Aging may be as old as life itself
A new USC Dornsife study indicates that aging may have originated at the very beginning of the evolution of life, at the same time as the appearance of the first genes.
“This could be a game changer for research on longevity and aging. It may also be relevant to the scientific discussions surrounding CRISPR9 gene editing,” said John Tower, professor of biological sciences at USC Dornsife. “We found that when it comes to genes, aging may not always be a negative trait. It may help an organism survive.”
The findings, published on Sept. 11 in the journal Origins of Life and Evolution and Biospheres, may reshape scientific conversations about a long-held hypothesis of aging first proposed by the biologist George C. Williams.
Williams suggested in a 1957 paper that as part of natural selection, biology favors genes that will optimize functions and characteristics necessary for an organism to reproduce within a specific period of time in its life. But later in life, those genes that enhance reproduction actually contribute to aging. Williams’ hypothesis was known as “antagonistic pleiotropy.”
There are several examples of this biological tradeoff. The gene p53, for example, suppresses cancer, but it is known to accelerate aging in cells.
Tower, an expert on the biology of aging, said that under this hypothesis, aging of the organism is a consequence of natural selection for optimal reproduction. In effect, it means that aging is the price an organism pays much later for concentrating its biology to reproduce earlier in its life. He wondered, though: Is aging always a negative trait at the level of individual genes?
To test this, Tower and a team of researchers developed a scenario with gene-like molecules that can replicate themselves. Such molecules are believed to be the evolutionary origin of modern genes.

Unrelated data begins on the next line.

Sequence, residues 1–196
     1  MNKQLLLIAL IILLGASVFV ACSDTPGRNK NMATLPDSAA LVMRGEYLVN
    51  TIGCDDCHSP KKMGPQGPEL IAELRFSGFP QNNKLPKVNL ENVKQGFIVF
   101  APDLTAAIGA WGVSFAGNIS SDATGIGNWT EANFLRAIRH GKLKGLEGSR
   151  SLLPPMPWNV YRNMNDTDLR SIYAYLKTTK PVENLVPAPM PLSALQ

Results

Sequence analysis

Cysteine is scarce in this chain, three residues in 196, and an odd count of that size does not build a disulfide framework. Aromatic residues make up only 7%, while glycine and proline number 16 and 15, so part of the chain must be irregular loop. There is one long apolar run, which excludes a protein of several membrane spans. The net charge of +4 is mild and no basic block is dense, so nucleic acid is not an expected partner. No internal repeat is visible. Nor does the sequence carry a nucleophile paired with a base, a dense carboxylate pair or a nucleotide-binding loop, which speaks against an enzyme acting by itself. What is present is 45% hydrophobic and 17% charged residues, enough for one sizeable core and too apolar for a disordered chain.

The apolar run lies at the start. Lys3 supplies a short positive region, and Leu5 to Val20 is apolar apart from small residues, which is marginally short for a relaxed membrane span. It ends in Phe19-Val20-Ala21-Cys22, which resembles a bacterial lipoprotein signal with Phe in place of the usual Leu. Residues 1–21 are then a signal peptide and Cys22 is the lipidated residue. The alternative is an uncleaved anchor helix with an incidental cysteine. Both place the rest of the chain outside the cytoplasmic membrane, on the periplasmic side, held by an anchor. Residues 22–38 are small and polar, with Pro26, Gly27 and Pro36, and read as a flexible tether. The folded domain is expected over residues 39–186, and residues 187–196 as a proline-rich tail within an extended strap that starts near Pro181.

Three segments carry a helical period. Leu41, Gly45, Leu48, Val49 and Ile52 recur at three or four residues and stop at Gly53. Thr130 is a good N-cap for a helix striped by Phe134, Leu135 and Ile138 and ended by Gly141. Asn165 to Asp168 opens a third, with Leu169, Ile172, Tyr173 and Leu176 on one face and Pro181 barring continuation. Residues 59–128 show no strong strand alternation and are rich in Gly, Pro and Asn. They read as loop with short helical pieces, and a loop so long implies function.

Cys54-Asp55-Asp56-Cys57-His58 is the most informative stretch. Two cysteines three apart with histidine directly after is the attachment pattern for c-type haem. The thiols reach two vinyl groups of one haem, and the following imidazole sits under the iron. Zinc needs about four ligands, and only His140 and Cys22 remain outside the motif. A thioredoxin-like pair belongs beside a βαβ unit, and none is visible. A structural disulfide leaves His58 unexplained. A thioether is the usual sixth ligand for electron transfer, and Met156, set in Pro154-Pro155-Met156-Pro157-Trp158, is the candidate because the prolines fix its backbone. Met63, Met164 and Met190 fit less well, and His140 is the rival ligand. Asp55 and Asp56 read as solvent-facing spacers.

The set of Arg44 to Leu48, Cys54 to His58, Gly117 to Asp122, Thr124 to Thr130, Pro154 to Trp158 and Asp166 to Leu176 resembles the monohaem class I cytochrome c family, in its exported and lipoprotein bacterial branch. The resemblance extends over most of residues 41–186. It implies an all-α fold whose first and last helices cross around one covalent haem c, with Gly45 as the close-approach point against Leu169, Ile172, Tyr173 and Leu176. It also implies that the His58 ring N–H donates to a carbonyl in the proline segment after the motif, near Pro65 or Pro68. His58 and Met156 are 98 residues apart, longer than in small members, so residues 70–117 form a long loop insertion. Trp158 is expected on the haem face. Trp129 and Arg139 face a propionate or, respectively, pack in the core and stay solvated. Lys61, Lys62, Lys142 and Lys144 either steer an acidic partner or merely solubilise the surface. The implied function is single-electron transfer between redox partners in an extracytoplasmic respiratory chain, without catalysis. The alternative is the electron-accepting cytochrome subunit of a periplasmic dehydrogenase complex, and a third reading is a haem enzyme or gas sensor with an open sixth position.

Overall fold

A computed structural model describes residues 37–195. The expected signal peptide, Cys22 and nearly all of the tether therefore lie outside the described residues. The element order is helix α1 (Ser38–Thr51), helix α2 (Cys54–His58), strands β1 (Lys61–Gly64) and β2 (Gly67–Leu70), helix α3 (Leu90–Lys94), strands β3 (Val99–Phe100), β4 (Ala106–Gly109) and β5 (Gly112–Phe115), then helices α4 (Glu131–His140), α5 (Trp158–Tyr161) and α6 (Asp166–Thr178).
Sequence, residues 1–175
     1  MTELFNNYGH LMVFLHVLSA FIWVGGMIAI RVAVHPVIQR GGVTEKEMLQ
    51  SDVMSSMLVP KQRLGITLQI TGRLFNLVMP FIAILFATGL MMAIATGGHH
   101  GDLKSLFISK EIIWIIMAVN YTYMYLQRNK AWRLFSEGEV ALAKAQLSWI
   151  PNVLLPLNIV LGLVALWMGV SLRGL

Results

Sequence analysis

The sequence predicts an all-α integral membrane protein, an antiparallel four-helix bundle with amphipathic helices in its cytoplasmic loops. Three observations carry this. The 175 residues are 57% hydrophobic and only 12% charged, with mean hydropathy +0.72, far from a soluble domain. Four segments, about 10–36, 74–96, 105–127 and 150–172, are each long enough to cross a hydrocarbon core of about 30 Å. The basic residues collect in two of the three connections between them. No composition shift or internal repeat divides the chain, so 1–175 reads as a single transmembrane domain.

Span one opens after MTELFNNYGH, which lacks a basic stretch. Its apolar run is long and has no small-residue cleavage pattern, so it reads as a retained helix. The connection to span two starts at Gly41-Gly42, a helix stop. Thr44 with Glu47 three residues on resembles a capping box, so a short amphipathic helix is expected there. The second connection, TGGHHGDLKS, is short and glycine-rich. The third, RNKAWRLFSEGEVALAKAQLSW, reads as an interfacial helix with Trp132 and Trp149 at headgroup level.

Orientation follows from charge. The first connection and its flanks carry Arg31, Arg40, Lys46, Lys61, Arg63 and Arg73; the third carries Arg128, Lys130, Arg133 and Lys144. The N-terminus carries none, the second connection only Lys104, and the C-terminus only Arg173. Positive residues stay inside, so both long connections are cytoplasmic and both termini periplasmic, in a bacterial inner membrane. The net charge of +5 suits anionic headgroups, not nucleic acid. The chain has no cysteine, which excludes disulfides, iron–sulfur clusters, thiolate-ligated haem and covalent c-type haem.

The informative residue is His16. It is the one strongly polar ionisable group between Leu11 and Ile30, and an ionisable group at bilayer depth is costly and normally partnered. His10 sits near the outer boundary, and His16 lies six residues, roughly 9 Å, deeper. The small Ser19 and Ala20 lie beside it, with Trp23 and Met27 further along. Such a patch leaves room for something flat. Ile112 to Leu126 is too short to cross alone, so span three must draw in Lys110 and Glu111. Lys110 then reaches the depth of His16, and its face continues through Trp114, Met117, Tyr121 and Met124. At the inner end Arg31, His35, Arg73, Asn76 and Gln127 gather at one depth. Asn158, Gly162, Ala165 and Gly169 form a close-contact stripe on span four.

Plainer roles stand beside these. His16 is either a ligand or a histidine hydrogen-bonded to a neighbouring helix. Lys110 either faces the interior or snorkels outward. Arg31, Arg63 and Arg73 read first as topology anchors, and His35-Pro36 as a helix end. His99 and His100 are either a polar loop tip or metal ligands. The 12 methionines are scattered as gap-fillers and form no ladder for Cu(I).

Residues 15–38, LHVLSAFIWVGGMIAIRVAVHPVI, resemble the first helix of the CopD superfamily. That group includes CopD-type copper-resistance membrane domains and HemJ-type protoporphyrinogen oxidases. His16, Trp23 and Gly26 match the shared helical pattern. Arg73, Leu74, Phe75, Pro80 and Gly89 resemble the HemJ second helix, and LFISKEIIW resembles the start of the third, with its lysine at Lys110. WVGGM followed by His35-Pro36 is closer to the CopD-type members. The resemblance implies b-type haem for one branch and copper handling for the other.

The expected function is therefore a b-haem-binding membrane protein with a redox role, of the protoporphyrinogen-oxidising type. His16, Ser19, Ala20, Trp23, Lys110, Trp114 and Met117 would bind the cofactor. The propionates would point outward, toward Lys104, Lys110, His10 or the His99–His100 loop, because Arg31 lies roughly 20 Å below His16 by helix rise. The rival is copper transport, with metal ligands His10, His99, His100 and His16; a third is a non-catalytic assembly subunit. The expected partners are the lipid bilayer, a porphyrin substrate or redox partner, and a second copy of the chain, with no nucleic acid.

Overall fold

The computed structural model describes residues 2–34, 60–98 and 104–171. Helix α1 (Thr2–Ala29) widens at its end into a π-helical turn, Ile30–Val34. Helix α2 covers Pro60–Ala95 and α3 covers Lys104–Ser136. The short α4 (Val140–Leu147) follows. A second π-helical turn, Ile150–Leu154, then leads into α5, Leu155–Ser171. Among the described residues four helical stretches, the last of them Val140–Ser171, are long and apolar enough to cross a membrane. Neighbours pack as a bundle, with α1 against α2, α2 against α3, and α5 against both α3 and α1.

Using computer modeling, the researchers paired an unstable short-lived gene, B, and its interactions with a longer-living gene, A, to create a new replicator, AB. In some simulations, the fact that B was short-lived enhanced beneficial aspects of A that would maximize the generation of more copies of the AB replicator. In other words, combining the two genes not only overcame the drawbacks of the weaker gene, but it actually resulted in better reproduction of either of the genes alone.
“The results suggest that evolution can favor the limited stability of genes as a way to increase complexity and the reproductive fitness of the organism,” Tower said. “Interventions designed to stabilize genes might help combat aging.”
About the study
Study co-authors included undergraduate researchers Zewei Li at USC Dornsife and Runhe Lyu at the University of Waterloo in Ontario, Canada, who recently graduated. The study was funded by grants from the National Institute on Aging.